Kenzo Okada was already an accomplished painter when he emigrated to New York in 1950. First trained in Tokyo, he was versed in traditional Japanese styles as well as in techniques of Western painting. In the mid-twenties, he continued his training in Paris under Tsuguji Fujita, a Japanese painter who merged Eastern and Western approaches. After returning to Japan, where he taught in its finest art schools and received the county’s highest accolades, he entered New York at the height of its vibrant Abstract Expressionist scene. He was welcomed among his American counterparts, befriending Barnett Newman, Mark Rothko, and Franz Kline. He began exhibiting at Betty Parsons Gallery in 1953, the very same gallery that launched many of the careers of Abstract Expressionists painters. Beige was included in the artist’s 1973 solo exhibition at the gallery. The artist firmly secured his place in the American painter when he was exhibited as an American in the 1955 Sao Paolo Biennial.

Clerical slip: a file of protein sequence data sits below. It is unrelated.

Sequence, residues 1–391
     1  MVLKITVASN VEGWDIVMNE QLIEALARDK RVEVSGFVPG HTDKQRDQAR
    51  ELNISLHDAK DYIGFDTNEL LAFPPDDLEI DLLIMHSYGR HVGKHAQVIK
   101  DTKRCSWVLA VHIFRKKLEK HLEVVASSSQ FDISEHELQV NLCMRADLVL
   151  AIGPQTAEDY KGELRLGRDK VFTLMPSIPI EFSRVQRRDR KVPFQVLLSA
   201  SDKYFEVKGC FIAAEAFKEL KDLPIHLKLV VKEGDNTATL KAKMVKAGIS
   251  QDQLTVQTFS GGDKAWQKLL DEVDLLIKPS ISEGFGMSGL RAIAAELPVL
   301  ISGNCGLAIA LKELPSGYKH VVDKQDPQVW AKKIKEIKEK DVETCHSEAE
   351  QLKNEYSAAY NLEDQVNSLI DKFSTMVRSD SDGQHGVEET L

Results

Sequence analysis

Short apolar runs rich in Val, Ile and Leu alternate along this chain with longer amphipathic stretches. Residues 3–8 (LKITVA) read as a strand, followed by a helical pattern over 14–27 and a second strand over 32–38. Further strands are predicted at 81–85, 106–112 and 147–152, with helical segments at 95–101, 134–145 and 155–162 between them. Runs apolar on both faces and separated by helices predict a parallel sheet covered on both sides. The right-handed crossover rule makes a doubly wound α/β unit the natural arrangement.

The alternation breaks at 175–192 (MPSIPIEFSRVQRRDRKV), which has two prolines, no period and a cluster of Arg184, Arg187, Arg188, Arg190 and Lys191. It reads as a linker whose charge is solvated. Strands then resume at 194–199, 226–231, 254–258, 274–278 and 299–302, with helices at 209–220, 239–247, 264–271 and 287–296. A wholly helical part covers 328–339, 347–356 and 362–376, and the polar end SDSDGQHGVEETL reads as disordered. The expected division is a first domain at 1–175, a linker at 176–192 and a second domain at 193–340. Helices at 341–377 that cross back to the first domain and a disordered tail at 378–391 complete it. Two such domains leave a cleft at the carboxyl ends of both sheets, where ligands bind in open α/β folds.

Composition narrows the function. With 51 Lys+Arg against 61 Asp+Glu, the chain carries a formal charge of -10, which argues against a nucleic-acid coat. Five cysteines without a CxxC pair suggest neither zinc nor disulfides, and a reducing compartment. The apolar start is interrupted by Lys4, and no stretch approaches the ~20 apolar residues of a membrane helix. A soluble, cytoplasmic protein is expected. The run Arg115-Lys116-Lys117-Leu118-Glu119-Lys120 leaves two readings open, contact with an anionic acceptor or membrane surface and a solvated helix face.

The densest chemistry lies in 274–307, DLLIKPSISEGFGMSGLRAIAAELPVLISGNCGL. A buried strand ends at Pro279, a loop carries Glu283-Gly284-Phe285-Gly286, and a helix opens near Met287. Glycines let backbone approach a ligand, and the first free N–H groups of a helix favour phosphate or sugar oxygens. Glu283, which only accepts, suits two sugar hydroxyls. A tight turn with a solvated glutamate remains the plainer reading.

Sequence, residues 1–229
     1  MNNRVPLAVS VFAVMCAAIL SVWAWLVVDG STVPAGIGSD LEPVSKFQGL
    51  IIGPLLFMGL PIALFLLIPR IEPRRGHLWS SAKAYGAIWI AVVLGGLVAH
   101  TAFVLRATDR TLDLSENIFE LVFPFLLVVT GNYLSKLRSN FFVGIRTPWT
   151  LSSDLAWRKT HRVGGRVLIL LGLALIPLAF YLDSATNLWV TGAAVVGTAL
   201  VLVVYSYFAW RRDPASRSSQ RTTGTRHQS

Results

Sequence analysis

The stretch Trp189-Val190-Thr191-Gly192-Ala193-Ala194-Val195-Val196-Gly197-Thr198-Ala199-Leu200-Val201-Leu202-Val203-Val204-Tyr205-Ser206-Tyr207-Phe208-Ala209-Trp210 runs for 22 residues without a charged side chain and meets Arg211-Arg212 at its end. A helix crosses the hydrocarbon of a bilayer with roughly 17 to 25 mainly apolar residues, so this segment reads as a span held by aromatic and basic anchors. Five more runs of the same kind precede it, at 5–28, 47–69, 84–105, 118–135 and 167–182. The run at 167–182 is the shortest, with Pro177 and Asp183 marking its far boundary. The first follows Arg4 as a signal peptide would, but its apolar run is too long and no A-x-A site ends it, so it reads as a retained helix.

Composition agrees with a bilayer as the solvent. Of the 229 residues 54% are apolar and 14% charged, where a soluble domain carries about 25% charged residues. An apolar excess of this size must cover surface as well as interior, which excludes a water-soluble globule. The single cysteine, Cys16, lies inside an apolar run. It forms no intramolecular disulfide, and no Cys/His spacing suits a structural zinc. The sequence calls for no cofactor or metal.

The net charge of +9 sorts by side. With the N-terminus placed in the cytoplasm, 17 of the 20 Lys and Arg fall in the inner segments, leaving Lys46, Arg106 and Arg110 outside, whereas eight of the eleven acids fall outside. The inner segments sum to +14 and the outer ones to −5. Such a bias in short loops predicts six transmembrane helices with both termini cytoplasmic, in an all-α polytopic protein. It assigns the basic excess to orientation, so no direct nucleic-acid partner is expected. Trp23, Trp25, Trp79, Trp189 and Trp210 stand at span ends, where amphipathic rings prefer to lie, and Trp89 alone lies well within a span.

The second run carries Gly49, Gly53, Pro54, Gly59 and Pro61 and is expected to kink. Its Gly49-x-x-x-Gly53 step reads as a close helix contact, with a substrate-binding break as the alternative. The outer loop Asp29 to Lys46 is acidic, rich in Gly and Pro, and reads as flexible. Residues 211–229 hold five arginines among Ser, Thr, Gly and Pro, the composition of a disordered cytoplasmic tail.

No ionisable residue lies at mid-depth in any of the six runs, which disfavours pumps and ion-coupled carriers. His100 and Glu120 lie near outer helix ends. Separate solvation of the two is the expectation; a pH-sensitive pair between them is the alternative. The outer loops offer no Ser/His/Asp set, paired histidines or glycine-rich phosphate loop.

Okada’s paintings after his arrival in New York exemplifies an art that rests secularly in the Eastern tradition as well as in the avant-garde spirit of the New York school. Beige, ostensibly named for the predominance of the color in the painting, depict all-over compositions with floating forms that suggest landscapes or other natural elements. Okada found a balance between two divergent styles to create a new dialogue exhibiting the clarity of form, serene color scheme and philosophical relation to nature so important to the traditional arts of Japan by combining these elements with the expressiveness of modern Western abstraction.
His work was also included in the Sao Paulo Biennale in 1955.